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Salty, Spicy and Sweet: Aurora Bella’s Debut Album Release Party Satisfies All Your Taste Buds

Photos by Tracy Creighton, Article by Melanie Macpherson


As I entered Somewhere Else Pub & Grill for the first time last Friday, I was hit by a wave of comfort; that feeling of solace you get from great food smells, happy noises, and familiar faces.  After a delightful steak sandwich, some authentic seafood chowder, and a lovely spicy Thai noodle salad we settled in for a little music.  The night’s lineup included Kasia Leigh Leonard, also known as Sister Sadie Wilcox of Chesterfield, and The Matt Remenda Ensemble.  The reason for the party, though, was the release of Aurora Bella’s debut album Persephone


Kasia Leigh Leonard took the stage alone with a borrowed acoustic guitar and immediately had the crowd's attention.  She was adorable and enchanting with her cheeky fun bluegrass style.  I must have looked like an idiot with a big dumb grin on my face the entire time.  The set was a combination of original music as well as covers of songs you've likely never heard of before in an off-colour rainbow of humour.  Kasia kept the audience laughing, enchanted, and hanging on her every word.  If sets were food, this one would be a slightly over toasted pretzel; delightfully twisted, slightly salty and just a little darker than you were expecting, all the while being delectably soft and scrumptious.  

The Matt Remenda Ensemble or at least two-fifths of it, was a combination of fast pace hard-hitting classical style guitar combined with Matt's sexy, silky, smooth voice that had the temperature in the place rising.  Having never seen him before I had no idea what to expect, but I loved it; the crooning as well as the impressive guitar solos and the intensity Matt brings to the performance. I was completely won over when they played a phenomenal cover of Gnarls Barkley's “Crazy”, which is one of my favourite songs of all time.  It was a spicy little chili pepper of a set; bold, dramatic and with just the right punch of heat.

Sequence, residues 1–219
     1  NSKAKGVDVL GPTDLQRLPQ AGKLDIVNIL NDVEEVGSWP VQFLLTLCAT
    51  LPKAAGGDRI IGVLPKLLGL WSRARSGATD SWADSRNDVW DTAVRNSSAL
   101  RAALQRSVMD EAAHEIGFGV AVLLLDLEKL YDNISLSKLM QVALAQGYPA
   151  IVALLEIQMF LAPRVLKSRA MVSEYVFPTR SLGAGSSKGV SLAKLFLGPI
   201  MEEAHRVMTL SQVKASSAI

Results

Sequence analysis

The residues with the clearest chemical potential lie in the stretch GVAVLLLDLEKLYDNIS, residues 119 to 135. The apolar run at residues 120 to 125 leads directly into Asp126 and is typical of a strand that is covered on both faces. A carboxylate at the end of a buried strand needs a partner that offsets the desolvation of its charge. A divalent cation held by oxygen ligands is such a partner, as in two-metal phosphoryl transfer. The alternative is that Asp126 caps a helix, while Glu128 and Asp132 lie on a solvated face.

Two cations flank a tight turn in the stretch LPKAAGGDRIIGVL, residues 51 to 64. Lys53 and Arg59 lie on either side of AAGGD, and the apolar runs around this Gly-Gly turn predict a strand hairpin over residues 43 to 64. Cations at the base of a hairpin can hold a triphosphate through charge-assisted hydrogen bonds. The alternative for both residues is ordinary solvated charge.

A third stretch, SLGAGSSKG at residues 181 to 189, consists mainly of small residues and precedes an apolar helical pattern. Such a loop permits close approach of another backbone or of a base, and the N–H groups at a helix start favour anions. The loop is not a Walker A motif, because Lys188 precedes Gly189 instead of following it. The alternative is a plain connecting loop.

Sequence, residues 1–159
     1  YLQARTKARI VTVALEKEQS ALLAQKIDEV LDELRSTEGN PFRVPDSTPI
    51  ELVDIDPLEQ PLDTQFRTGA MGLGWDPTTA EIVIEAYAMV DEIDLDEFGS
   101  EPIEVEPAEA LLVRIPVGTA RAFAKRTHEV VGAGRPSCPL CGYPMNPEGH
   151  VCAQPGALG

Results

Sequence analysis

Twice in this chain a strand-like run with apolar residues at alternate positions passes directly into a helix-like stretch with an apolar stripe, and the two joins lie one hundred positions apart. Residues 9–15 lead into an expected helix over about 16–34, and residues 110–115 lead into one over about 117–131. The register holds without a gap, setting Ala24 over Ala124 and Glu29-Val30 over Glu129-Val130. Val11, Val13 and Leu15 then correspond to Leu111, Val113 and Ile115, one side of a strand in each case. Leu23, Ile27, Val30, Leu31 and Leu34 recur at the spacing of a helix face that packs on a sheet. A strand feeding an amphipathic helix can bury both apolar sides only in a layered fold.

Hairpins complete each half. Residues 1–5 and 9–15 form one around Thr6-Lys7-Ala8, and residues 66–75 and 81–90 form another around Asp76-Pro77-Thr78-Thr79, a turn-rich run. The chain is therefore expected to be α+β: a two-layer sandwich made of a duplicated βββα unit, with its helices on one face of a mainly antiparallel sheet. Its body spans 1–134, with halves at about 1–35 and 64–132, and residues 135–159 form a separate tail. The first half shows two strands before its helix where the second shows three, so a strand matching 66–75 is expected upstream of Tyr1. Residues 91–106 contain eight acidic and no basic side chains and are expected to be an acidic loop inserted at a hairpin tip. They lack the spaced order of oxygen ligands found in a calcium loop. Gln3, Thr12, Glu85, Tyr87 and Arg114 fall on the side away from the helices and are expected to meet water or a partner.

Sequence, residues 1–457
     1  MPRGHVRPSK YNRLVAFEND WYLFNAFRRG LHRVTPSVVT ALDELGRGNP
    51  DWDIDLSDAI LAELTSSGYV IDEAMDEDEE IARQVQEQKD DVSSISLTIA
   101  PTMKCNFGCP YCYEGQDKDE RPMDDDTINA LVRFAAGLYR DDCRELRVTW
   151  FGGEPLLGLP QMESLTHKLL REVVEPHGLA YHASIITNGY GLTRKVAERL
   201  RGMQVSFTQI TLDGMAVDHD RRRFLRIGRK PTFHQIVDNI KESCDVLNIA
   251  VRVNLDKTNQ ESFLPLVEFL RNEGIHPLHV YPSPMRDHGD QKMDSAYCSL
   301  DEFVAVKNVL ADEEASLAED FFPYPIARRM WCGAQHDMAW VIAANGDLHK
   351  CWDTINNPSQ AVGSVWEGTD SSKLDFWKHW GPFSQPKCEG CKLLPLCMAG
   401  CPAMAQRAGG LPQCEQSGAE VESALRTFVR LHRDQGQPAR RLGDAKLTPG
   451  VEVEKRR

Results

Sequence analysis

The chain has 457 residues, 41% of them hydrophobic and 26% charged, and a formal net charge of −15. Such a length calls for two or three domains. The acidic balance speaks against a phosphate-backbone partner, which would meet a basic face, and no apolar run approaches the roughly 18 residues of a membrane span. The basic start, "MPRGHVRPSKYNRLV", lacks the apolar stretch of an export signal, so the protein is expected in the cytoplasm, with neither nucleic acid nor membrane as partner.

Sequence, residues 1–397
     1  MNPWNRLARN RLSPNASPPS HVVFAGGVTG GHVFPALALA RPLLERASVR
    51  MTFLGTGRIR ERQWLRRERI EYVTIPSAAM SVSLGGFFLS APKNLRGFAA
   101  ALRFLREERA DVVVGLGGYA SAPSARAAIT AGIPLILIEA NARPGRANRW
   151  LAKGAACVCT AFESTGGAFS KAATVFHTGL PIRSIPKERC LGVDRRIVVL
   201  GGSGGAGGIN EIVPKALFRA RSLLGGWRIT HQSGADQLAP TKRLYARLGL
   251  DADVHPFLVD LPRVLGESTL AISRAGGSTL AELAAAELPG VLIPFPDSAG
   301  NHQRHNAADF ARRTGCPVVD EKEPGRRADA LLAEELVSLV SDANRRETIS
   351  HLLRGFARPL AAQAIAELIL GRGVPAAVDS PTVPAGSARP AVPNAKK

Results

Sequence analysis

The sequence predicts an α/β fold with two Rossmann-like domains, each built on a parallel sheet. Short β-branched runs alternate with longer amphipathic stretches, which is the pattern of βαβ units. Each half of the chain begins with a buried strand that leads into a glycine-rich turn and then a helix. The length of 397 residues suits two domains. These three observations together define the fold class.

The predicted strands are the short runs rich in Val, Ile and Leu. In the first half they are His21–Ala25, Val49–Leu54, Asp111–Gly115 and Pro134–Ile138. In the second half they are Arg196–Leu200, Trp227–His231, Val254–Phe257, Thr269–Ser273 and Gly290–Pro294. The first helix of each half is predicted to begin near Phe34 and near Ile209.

Aurora Bella was done up in red from head to toe, a perfect compliment to the pomegranate artwork on the album cover and associated merchandise.   Aurora was captivating from the first moment to the last.  She moved easily between the guitar, the ukulele and the piano with the ease of expertise.  Throughout the set, her two piece backing band was the perfect accompaniment.   Aurora played a full set plus a couple of bonus songs including some unreleased material along with the songs from the album.  The set was perfectly matched to her pomegranate logo; decadent and sweet but with some hard edges underneath to swallow. The kind of treat you really can’t wait to dig into and pull apart until you’ve savoured every piece.

Aurora Bella’s new album is a bold combination of satiny, jazz-infused vocals, witty and intelligent lyrics and a range of melodic accompaniments.  From fun, bouncy ukulele-in-the-sun tracks, like “Red MG”, to the smokey-piano-bar slink of “Black and Blue”.   The album stays true to Aurora's quirky yet genuine personality while exploring a variety of different musical styles and ideas. From break up songs with a bite, to female empowerment, to growing up, to Greek mythology, the album draws from a deep well of influences.  “Dumb Enough” was the first released single off the album. Aurora cleverly delves into the dangers of dumbing yourself down to make the people around you more comfortable. The freedom of accepting yourself for who you are and leaving those limiting relationships behind, is a consistent theme throughout the album. 

The standout song to me though, is the dramatic and soaring title track, “Persephone”.  Written about Persephone the Greek goddess of spring being trapped in the Underworld for half of each year after being kidnapped by Hades.  Each spring she emerges from the ground, like the pomegranate seeds that Hades used to tie her to the Underworld.  A story originally used to explain the existence of winter for half a year, followed by life forcing its way out of the ground to renew the world. If taken entirely literally, the song is a beautifully told story.  The underlying theme, however, of being trapped under the weight of the world has so many metaphorical implications for real life, that even without knowing the story of Persephone and her pomegranate, the song will still undoubtedly connect with audiences on a deeper level.  


This is definitely an album to add to your check-it-out list, and if you have the chance to see any of these 3 artists play live, don’t miss out.  I will definitely be watching for opportunities to see them all again.


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